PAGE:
Other recent biotech premieres on the Street haven’t done quite as well. ObsEva, which is focused on women’s health, has fallen from its $15 offering price to $13.62.
Still, says Drone, the underlying fundamentals of the biotech industry remain strong. In the fourth quarter of 2016, 20 deals with a total value of $7.7 billion were consummated, according to PwC. Many of those were licensing deals and other partnerships that tend to attract investors’ attention when it comes time to float an IPO, Drone says.
“The partnering environment is as strong as it’s ever been, and that bodes well,” Drone added.
As far as Trump’s talk about reforming the FDA goes, most of what he has said centers around shortening the timeline for drug development–a scenario that should be viewed as a positive for the drug industry, Drone says.
“If the new commissioner makes meaningful changes, the FDA could be more focused on safety and less so on efficacy,” Drone continues. “Maybe what happens is the time to bring a drug to market shortens, and the cost decreases. I think that could be a huge positive for a biotech.”
But here it is–the end of February–and we’re all still without a clear sense of who the front runner for FDA commissioner is. With the controversy over drug pricing still red-lining, the overarching sentiment for biotech companies is rampant uncertainty. And that could keep the IPO window partly closed for “some time,” Drone predicts.
“Uncertainty” Drone says, “means some companies will sit on the sidelines, hoping to go out but not be able to.”
Some think there is a strong case for a brighter future. Atlas Ventures partner Bruce Booth projects more than 30 life science IPOs, the majority of which would come from biotechs, on just the Nasdaq exchange in 2017. The prediction devolves from a large crop of already filed IPOs and drugs channeling through the pipeline.
In addition, fourth-quarter healthcare IPOs rose in number and volume compared to the third quarter, with 35 deals, up over 67%, worth a combined $8.15 billion, according to a BioPharm Inside report–spawning hopes that the trend may persist well into the new year.
When President Trump met with big pharma CEOs at the White House last month, he offered blunt demands on the one hand and olive branches on the other, says Fortune. But the biopharma industry isn’t ecstatic over one of his proposed gifts: a de-regulated FDA that speeds drug approvals across the waving checkered flag.
One would think that the sector would be licking its chops for a leaner (but not meaner) FDA. But a first-to-market advantage doesn’t mean much if there’s an insufficient market on which to capitalize. And that’s exactly what’s prompting concerns among a number of prominent drug-company executives who fear that insurance companies will be disinclined to cover an unproven treatment.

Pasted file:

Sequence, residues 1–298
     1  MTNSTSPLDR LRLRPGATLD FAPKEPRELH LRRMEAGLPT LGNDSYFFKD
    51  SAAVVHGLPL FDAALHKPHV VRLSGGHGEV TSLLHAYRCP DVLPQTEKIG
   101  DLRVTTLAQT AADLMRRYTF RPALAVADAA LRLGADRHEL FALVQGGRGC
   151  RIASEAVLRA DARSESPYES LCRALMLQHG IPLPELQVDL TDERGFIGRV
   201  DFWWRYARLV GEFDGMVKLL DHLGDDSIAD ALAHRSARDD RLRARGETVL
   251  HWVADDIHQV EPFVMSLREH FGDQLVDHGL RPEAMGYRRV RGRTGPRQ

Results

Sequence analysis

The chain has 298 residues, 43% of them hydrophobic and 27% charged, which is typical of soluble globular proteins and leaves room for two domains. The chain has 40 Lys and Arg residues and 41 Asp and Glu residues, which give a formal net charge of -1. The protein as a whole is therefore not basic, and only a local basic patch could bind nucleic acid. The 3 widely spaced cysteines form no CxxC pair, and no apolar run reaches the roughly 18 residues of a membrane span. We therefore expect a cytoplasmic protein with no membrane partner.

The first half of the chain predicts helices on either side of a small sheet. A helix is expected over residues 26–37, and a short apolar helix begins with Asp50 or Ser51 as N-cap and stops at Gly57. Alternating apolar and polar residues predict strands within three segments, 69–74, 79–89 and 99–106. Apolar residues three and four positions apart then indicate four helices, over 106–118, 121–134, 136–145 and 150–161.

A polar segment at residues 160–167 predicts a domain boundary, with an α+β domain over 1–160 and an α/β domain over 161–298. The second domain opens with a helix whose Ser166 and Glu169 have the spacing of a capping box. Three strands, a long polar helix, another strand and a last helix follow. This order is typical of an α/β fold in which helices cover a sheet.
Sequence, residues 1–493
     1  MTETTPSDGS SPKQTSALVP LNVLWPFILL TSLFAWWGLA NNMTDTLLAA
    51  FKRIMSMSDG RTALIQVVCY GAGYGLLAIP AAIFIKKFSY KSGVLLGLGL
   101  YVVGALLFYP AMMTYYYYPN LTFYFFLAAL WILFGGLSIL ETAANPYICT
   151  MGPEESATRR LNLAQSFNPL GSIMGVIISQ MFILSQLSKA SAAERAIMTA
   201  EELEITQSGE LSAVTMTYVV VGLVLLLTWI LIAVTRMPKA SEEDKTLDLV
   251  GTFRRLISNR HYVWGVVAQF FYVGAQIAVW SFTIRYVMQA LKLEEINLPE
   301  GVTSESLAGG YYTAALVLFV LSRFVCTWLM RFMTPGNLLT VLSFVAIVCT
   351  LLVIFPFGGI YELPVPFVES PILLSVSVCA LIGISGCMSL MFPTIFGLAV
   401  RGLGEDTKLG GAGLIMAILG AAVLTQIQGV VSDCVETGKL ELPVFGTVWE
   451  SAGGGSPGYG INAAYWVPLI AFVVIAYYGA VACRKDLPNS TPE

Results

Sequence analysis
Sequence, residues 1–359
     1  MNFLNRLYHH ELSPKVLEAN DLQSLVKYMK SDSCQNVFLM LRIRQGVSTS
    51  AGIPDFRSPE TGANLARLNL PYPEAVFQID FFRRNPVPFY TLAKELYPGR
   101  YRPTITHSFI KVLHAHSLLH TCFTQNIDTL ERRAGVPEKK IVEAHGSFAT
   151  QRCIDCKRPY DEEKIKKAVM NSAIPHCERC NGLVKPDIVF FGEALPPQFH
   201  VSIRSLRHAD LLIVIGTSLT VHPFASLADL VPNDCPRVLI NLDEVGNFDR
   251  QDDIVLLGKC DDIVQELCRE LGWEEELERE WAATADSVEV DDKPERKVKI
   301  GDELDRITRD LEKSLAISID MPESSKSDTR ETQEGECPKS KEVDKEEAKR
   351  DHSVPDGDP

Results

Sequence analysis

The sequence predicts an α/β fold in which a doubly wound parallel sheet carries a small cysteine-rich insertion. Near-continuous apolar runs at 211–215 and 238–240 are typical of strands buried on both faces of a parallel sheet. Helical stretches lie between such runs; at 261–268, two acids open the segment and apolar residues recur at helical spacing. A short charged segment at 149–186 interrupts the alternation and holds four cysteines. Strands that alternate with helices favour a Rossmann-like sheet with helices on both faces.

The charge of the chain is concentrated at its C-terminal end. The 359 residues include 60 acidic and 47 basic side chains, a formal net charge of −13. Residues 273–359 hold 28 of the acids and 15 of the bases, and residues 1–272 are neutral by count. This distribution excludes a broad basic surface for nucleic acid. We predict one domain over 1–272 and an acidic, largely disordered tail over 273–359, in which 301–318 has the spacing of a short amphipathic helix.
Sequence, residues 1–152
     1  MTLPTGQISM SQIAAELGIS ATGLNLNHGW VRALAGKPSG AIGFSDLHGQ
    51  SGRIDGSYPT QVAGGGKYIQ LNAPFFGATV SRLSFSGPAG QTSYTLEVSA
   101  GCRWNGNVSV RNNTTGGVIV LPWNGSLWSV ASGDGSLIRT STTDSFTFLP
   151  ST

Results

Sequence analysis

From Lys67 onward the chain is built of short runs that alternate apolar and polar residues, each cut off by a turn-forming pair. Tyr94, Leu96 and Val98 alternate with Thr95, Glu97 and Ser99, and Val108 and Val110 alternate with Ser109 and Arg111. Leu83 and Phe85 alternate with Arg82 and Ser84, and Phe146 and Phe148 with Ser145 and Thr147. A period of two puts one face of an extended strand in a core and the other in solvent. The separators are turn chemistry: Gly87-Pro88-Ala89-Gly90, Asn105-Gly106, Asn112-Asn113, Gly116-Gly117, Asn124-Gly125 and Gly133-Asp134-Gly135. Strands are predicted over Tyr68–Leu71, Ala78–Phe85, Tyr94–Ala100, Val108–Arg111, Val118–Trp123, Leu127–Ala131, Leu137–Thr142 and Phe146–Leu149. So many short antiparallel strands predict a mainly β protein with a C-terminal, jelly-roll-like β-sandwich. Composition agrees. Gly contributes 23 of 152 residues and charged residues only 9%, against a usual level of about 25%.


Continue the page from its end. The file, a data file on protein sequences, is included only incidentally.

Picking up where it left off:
“People often argue that the FDA is too restrictive,” Roger Perlmutter, who heads up research and development at Merck, told Reuters. “We have the sense that the balance is pretty right…You have to have a well-characterized risk/benefit profile.”
The apprehension among the companies is understandable considering some of the names Trump is reportedly considering for the critical FDA commissioner job. One potential candidate, Peter Thiel associate Jim O’Neil, has advocated a system whereby drugs can be approved the minute they are shown to be safe, rather than the twofold safety and effectiveness standards which the agency must now consider.
So what’s an issuer and investor to do?
2016 was a “failure” for many IPO issuers but not for investors. Recall that as of mid December, the average return on a 2016 IPO was 26.9%. 2017 is rife with uncertainty and free-floating anxiety, and that will continue to put a damper on new issues…for now.
Eventually the fog and attending anxiety will lift and risk parameters for venture capitalists, and thus issuers, will be reset.
As an investor, getting a piece of a hot IPO is difficult, to say the least. The only way to get shares (known as an IPO allocation) is to have an account with one of the investment banks that is part of the underwriting syndicate. But don’t expect to open an account with $1,000 and win an allocation. You need to be a frequently trading client with a large account to get in on a hot IPO, says Investopedia.Steve's Take: It's hard to get in early on an #IPO, but if you do buy as many as you can Click To Tweet
In truth, your chances of getting early shares in an IPO are slender to zilch unless you’re on the inside. If you do get shares, it’s probably because nobody else wants them. For certain, there are exceptions to every rule and it would be inaccurate to say that it’s impossible. Just keep in mind that the probability isn’t high if you are a small investor.
However, if you’re in luck, and this does happen, quickly snap up whatever IPO shares you can find. After all, where else can you get returns like those seen even in the despondent 2016 IPO market?